Gifted and talented

Tonight I met a mom who asked why Ithaca does not have a gifted and talented program.

I hear talk of what it was like as a kid, shipped away to another room once a week to build cool bridges, talk about environmental issues and solve brain teasers. Many were thankful for the break from endless ditto sheets and redundant spelling tests.

For better or for worse, that is not what most classrooms in Ithaca are like anymore. The Common Core provides opportunity for deep thinking and problem solving for all students. It is thoughtfully presented through the English Language Arts and math modules that New York State contracted to be written and published on their behalf. Although I work with many “above average” students, I have yet to meet one that finds these “modules” to be too easy. In the meantime all students are “gifted” with access to work such as developing field journals and drawing bugs from observation.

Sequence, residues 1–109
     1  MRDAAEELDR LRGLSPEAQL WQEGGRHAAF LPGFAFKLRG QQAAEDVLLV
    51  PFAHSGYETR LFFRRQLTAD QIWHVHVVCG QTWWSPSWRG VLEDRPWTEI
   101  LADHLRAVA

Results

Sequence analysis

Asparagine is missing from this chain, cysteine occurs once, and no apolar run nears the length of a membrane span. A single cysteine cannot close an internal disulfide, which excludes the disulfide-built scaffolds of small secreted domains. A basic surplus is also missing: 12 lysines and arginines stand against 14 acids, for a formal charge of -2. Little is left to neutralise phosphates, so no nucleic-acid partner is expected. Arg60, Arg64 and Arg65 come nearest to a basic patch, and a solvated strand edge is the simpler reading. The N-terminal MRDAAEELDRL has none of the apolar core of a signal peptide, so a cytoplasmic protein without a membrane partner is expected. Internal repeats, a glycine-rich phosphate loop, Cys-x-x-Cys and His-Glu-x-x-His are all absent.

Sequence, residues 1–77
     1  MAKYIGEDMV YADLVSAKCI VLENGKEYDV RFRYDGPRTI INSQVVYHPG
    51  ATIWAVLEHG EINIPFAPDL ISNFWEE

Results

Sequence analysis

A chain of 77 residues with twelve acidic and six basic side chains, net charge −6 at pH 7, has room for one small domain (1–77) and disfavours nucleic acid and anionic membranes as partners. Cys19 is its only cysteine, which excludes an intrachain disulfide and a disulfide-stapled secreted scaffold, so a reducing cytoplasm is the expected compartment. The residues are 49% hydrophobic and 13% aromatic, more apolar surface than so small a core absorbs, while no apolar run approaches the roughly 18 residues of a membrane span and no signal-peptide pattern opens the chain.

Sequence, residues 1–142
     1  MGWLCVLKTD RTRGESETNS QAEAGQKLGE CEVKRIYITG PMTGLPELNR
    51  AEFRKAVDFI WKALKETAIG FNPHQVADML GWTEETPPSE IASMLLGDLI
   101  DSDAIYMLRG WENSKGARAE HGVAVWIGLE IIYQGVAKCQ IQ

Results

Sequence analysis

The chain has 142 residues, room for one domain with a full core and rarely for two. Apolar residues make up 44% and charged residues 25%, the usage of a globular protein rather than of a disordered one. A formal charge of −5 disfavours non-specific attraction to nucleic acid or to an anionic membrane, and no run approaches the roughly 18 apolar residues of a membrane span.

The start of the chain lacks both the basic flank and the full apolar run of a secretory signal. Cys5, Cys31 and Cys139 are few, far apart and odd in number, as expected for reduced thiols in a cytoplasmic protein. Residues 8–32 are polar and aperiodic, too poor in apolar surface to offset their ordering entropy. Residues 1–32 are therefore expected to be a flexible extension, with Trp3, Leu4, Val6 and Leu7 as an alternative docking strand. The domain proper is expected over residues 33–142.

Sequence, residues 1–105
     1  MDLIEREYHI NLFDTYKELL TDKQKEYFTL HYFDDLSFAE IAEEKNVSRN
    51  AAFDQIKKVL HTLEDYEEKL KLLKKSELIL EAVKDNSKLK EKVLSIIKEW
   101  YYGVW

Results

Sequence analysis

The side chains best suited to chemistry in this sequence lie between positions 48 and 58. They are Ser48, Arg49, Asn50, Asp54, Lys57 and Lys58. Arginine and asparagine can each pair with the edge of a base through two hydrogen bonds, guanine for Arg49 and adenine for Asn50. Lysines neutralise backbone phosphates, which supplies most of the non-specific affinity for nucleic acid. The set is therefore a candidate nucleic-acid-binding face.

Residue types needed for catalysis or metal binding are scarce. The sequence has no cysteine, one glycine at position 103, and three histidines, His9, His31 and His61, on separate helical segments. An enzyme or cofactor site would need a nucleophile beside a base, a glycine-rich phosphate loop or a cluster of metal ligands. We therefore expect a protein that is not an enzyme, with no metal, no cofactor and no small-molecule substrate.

There is much debate about the Common Core. However, in my opinion, when it is taught with thoughtfulness and flexibility, it provides an opportunity for true thinking and problem solving that challenges every learner regardless of how “talented” they are. While gifted and talented programs provided a band aid for a “one size fits all” classrooms, innovative schools working with the Engage New York modules and the Common Core Standards have the tools they need to challenge all thinkers.

In this context, where is the need for a band aid?


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